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Bernie’s real problem was turnout, not fraud

Wait, wasn’t it Donald Trump’s campaign that was supposed to have the riots?

Instead, it was the Nevada Democratic Party’s convention that descended into chaos Saturday, as supporters of Bernie Sanders repeatedly rushed the stage, booed, yelled, cursed and, according to witnesses, tossed chairs. The convention came to a swift end after the Paris Hotel said it could no longer guarantee public safety.

And it got worse: Democratic Party Chairwoman Roberta Lange received a barrage of harassing calls, including death threats. Mischief-makers chalked graffiti at the Democratic Party’s headquarters, prompting the office’s closure. The state party then wrote a letter to the Democratic National Committee, complaining about the Sanders campaign and warning of further violence at the national convention in Philadelphia.

I thought it was #BernieOrBust, not #BernieOrBust(Heads)!

But seriously: I’ve long admired Sanders, and have interviewed him multiple times. I know he’s absolutely dedicated to a radical revolution of politics and economics in America, but just as committed to achieving that by bringing people together to make change unavoidable.

That’s why I was surprised there was only one line condemning violence and threats in his statement about the convention. The rest of the nine-paragraph statement repeated the allegations of fraud that his supporters made on Saturday.

About that.

After Sanders lost the Feb. 20 caucuses, his forces showed up in overwhelming numbers at the Clark County Democratic convention April 2, earning themselves additional delegate slots going into the state convention. But on Saturday, a re-energized Hillary Clinton campaign came back with a surge of its own. According to the party’s official tally, Clinton forces totaled 1,695 delegates, filling nearly every slot she’d earned. Sanders’s team, by contrast, turned out 1,662 delegates, leaving more than 460 slots empty. Had Sanders delegates filled those slots, he’d have won more national convention delegates.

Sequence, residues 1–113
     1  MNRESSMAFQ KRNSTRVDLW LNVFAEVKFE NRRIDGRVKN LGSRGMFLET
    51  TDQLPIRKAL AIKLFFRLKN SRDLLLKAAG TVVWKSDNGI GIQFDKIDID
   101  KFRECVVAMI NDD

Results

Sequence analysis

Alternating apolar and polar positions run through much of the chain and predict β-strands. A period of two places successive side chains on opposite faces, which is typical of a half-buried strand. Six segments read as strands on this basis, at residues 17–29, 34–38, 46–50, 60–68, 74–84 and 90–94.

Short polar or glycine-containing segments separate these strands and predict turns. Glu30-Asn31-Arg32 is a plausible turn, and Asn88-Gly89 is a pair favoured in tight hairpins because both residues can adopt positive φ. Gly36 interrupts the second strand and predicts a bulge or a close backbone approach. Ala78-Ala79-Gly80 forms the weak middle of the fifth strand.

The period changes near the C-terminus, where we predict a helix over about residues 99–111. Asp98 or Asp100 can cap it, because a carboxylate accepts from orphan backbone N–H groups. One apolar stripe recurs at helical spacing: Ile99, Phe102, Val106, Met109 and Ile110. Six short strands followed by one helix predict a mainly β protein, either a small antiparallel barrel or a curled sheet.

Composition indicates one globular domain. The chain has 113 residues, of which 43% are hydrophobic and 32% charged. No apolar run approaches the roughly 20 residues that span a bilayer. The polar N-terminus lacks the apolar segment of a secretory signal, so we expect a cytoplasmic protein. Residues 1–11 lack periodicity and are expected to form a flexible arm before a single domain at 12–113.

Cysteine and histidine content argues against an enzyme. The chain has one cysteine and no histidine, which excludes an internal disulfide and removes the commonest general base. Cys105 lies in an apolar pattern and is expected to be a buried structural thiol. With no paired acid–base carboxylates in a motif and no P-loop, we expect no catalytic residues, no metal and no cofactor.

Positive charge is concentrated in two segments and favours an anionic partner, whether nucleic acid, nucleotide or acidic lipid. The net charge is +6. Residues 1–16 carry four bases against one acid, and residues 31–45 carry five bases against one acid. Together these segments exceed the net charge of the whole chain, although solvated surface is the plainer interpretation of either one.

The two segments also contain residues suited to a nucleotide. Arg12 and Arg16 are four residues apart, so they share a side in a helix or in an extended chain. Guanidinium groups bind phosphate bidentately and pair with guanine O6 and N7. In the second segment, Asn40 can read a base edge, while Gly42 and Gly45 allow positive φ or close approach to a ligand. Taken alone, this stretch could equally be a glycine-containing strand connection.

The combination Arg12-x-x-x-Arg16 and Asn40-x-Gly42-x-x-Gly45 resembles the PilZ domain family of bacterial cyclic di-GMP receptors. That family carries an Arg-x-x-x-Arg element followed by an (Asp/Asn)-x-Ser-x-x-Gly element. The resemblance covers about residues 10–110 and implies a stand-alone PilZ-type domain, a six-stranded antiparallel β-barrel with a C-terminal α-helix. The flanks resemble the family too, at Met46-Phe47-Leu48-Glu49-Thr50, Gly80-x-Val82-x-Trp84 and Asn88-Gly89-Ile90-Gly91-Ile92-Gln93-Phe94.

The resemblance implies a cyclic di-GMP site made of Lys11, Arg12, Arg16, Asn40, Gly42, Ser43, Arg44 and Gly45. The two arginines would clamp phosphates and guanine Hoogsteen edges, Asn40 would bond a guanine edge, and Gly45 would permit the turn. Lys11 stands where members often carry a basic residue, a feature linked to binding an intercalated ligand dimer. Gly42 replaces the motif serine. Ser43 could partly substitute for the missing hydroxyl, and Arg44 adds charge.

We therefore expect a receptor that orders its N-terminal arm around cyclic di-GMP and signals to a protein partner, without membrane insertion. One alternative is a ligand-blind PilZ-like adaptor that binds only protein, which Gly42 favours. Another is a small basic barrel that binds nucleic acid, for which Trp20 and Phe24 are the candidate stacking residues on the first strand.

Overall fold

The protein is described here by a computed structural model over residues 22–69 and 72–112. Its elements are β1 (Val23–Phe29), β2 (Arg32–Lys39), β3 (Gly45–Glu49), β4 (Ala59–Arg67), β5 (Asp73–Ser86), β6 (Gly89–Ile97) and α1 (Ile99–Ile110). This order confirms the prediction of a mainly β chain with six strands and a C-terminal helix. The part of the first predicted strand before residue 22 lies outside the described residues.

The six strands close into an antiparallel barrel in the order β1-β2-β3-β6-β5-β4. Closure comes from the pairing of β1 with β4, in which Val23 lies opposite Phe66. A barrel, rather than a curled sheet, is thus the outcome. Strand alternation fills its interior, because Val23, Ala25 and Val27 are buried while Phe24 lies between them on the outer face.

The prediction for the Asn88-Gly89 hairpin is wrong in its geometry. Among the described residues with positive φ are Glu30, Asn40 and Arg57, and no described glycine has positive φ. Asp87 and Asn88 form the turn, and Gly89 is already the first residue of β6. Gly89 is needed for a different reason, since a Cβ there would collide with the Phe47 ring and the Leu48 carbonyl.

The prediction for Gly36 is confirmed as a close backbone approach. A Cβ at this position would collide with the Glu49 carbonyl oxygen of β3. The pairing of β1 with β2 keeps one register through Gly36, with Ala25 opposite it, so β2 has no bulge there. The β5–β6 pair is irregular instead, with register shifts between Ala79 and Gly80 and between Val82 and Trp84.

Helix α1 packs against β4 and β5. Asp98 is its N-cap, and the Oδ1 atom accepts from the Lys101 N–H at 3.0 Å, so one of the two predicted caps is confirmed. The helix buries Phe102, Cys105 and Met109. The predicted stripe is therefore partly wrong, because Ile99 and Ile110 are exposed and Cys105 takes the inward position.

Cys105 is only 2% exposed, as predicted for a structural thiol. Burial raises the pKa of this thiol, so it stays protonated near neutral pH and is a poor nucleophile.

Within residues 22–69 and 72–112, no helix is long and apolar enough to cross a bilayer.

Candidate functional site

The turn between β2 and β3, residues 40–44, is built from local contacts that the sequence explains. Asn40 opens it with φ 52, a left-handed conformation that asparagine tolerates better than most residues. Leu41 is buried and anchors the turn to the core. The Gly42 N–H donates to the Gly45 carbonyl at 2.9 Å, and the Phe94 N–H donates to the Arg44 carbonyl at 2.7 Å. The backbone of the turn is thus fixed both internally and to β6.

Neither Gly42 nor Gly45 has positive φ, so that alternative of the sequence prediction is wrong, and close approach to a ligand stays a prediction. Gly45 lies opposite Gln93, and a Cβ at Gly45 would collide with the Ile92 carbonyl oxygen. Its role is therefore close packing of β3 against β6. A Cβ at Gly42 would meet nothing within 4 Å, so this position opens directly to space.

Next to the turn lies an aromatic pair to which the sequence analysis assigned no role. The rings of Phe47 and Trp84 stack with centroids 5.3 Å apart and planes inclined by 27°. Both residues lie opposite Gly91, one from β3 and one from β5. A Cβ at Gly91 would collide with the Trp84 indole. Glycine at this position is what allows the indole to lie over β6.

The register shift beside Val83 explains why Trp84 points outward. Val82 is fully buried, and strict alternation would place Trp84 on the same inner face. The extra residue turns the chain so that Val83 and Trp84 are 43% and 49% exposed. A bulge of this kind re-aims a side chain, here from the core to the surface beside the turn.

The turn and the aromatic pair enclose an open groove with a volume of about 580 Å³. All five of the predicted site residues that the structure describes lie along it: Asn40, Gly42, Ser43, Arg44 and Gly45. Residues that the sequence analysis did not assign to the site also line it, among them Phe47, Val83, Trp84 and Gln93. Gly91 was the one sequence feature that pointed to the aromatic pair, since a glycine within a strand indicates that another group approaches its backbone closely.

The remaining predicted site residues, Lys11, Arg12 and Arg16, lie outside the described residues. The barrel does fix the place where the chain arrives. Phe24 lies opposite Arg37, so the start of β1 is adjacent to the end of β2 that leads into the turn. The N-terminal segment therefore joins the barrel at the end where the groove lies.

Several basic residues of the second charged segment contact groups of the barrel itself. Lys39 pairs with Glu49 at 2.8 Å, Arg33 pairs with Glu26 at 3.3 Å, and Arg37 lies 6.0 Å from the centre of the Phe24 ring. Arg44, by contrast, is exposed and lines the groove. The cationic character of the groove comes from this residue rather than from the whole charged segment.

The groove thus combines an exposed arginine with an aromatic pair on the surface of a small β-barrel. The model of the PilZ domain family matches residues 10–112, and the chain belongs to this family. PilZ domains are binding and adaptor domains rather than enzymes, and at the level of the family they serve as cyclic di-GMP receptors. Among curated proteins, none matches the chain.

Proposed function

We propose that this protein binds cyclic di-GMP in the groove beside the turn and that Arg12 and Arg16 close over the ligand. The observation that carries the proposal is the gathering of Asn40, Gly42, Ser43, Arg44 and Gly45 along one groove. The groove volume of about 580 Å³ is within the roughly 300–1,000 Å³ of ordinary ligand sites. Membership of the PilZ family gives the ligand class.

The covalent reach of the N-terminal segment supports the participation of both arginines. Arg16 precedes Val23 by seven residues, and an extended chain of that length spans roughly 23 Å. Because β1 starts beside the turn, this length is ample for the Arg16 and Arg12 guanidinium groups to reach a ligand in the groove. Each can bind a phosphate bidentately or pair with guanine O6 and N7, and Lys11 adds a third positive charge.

Outsider campaigns especially can fall victim to the idea that the ossified party apparatus will resort to fraud in order to preserve the status quo. And — let’s be honest here — Nevada’s Democratic Party has always been dedicated to re-electing Sen. Harry Reid and those upon whom his favor rests (including, this year, Clinton) rather than making radical political change. But those truths don’t prove wrongdoing took place Saturday.

Sanders’s people insisted Clinton’s final 33-vote advantage was tainted by the improper rejection of 64 would-be Sanders delegates. Again, according to the party, six of those were actually seated. The remaining 58 were rejected, ostensibly because they weren’t registered by the May 1 deadline or proffered information that could not be verified.

Sanders said the 58 should have had the chance to make their case, and attempts to change the rules were thwarted. But the party replies that representatives from both campaigns were on the committees that wrote the rules and examined delegate credentials.

But let’s just assume that each one of those 58 people had been accepted as a delegate. Let’s assume that each one stood for Sanders. That would turn Clinton’s 33-delegate win into a 25-delegate loss. And let’s assume that flipped the convention’s final tally, giving Sanders 20 delegates and Clinton 15. That would mean that the national delegate count would become 2,235 delegates for Clinton and 1,478 for Sanders. (It takes 2,383 to claim the nomination.)

The Sanders campaign has certainly not proven fraud, and it would obviously be wrong to deny him delegates just because he’s trailing nationally. But even under the rosiest and most generous of scenarios, a Sanders victory in Nevada on Saturday still wouldn’t have made a difference.

Steve Sebelius is a Review-Journal political columnist and co-host of the show “PoliticsNOW,” airing at 5:30 p.m. Sundays on 8NewsNow. Follow him on Twitter (@SteveSebelius) or reach him at 702-387-5276 or SSebelius@reviewjournal.com.

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